Why Aston Martin needs to change.
Aston Martin have announced a shiny new model at Geneva: the Virage. To some this would be a cause for celebration, but for me it is a cause for concern.
It only takes a few seconds of looking at the Virage to realise that it is anything but a new model; instead, it's merely a derivative of the DB9. The Virage will sit above the DB9 in Aston's model range but below the DBS, itself another DB9 variant. Arguably this is no bad thing since the DB9 is one of the most attractive cars on the road today and if anything the revisions to make the Virage actually improve the looks a little with a sharpening of the flanks and a more resolved nose section. It certainly works better than the slightly tacky DBS. I'm not to sure about the name though. Whilst Ferrari choose to revive their most iconic names, the previous Virage was one of Aston's weaker models, and poorly looked-after examples are often seen struggling to make more than £10,000 at classic car auctions.
The thing is, Aston Martin seems to have got rather good at turning out derivatives of existing cars rather than giving the car market anything new. Since the mid-noughties when the Aston revival began with the DB9, followed by the smaller V8 Vantage, every car they've released has been a very similar-looking version of the same VH platform. Some of these mix and match derivatives are better than others - the V12 Vantage is a wonderfully desirable car - but the convertible versions of the DB9 do not work for me at all on the styling front, particularly with the roof up. I personally like the Rapide, but it looks very expensive compared to the (admittedly much uglier) Porsche Panamera Turbo.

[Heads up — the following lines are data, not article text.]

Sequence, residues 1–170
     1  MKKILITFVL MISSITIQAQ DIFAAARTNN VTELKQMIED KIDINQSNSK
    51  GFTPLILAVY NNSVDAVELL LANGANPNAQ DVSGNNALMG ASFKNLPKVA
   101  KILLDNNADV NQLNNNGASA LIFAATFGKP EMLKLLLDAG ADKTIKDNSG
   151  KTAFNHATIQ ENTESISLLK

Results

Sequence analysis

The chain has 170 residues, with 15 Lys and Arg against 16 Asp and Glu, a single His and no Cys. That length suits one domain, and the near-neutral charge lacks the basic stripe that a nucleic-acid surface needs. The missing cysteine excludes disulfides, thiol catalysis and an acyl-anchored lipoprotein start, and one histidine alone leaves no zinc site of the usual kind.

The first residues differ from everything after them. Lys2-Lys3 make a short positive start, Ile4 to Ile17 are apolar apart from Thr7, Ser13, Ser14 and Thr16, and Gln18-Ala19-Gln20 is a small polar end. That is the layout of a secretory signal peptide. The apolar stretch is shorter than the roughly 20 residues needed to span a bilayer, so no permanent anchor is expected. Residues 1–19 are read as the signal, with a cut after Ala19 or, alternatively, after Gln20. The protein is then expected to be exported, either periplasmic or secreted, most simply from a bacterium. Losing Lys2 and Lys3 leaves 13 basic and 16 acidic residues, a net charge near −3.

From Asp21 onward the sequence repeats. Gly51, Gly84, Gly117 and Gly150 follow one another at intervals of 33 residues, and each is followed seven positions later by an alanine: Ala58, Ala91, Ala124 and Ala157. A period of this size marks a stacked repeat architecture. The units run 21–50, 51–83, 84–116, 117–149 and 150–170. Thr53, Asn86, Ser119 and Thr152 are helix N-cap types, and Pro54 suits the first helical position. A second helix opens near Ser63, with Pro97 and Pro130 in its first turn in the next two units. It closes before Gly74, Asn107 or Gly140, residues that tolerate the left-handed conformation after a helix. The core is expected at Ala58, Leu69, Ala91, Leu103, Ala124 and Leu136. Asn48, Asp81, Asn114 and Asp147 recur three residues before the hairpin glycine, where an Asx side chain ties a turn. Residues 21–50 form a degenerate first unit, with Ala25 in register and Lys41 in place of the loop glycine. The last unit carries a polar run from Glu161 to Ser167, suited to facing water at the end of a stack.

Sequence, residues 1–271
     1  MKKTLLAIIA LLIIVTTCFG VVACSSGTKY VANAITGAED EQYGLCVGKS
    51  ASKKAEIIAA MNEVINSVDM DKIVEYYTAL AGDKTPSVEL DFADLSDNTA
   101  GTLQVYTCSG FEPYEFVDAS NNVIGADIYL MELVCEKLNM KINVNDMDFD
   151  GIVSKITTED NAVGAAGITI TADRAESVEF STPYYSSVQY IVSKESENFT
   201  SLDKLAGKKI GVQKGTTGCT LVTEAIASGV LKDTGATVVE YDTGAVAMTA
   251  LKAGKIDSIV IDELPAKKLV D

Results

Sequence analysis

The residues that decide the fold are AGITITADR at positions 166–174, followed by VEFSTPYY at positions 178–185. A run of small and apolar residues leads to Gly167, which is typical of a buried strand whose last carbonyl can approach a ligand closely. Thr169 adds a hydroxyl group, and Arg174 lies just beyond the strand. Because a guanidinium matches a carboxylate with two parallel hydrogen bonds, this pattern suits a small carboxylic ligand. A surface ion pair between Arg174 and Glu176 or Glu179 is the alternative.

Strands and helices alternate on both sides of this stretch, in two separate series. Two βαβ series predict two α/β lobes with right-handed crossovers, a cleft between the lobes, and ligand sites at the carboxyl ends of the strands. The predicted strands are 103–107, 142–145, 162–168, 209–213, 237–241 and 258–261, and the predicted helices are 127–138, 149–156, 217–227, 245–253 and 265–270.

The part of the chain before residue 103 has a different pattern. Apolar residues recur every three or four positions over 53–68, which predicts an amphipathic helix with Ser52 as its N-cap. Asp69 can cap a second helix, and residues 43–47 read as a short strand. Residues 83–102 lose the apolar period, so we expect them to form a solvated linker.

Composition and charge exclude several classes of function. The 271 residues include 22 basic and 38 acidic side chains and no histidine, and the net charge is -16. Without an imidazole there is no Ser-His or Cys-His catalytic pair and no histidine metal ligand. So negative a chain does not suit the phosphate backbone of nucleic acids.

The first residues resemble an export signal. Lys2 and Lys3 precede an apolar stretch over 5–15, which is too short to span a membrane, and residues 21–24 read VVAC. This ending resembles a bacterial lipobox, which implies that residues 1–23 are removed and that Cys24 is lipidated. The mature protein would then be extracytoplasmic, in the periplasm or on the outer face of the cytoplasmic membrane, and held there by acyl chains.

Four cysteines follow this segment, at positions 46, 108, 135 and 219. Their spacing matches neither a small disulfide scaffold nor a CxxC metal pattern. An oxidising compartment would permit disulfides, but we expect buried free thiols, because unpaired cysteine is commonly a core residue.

Aston now face some fierce rivals who have entered the market and will be competing for their customers' cash. Initially the Astons were joined by the Audi R8 and Maserati GranTurismo. The Maserati notably manages to look as good as the DB9 but offers better accommodation inside, although it is a little underpowered compared to the DB9. A more recent rival which surely must pose a serious sales threat to the DB9 and DBS in particular is the Mercedes SLS, but most worryingly of all Porsche are about to unveil an all new 911 which will no doubt make the V8 Vantage feel very old in comparison.
Supercar buyers can often be very fickle and like to have the latest thing. With all these newer cars on the market I doubt any of the Aston range will be able to achieve the all-important conquest sales. At best, the Virage will help to maintain existing market share and encourage brand-loyal owners to trade in existing DB9s and V8s for the newer model. I see a fair few DB9s and V8 Vantages around London, and many of them are 2006-2008 models, not the very latest ones.
Despite all this, the aging model range is not the thing that worries me most about Aston Martin. Instead, it is what is (or isn’t) under the bonnet. The bigger Astons feature the 6.0 V12 in various states of tune. That engine dates all the way back to 1999 and the V12 Vantage variant of the DB7, and the architecture is based on the that of the Ford V6 found in the Mondeo (the V12 is basically two V6s stuck together). The V8 found in the Vantage is also a version of a Ford Motor company engine, in this case the previous version of the Jaguar AJ V8. In today’s market, neither of these engines is that powerful or, more importantly, particularly green.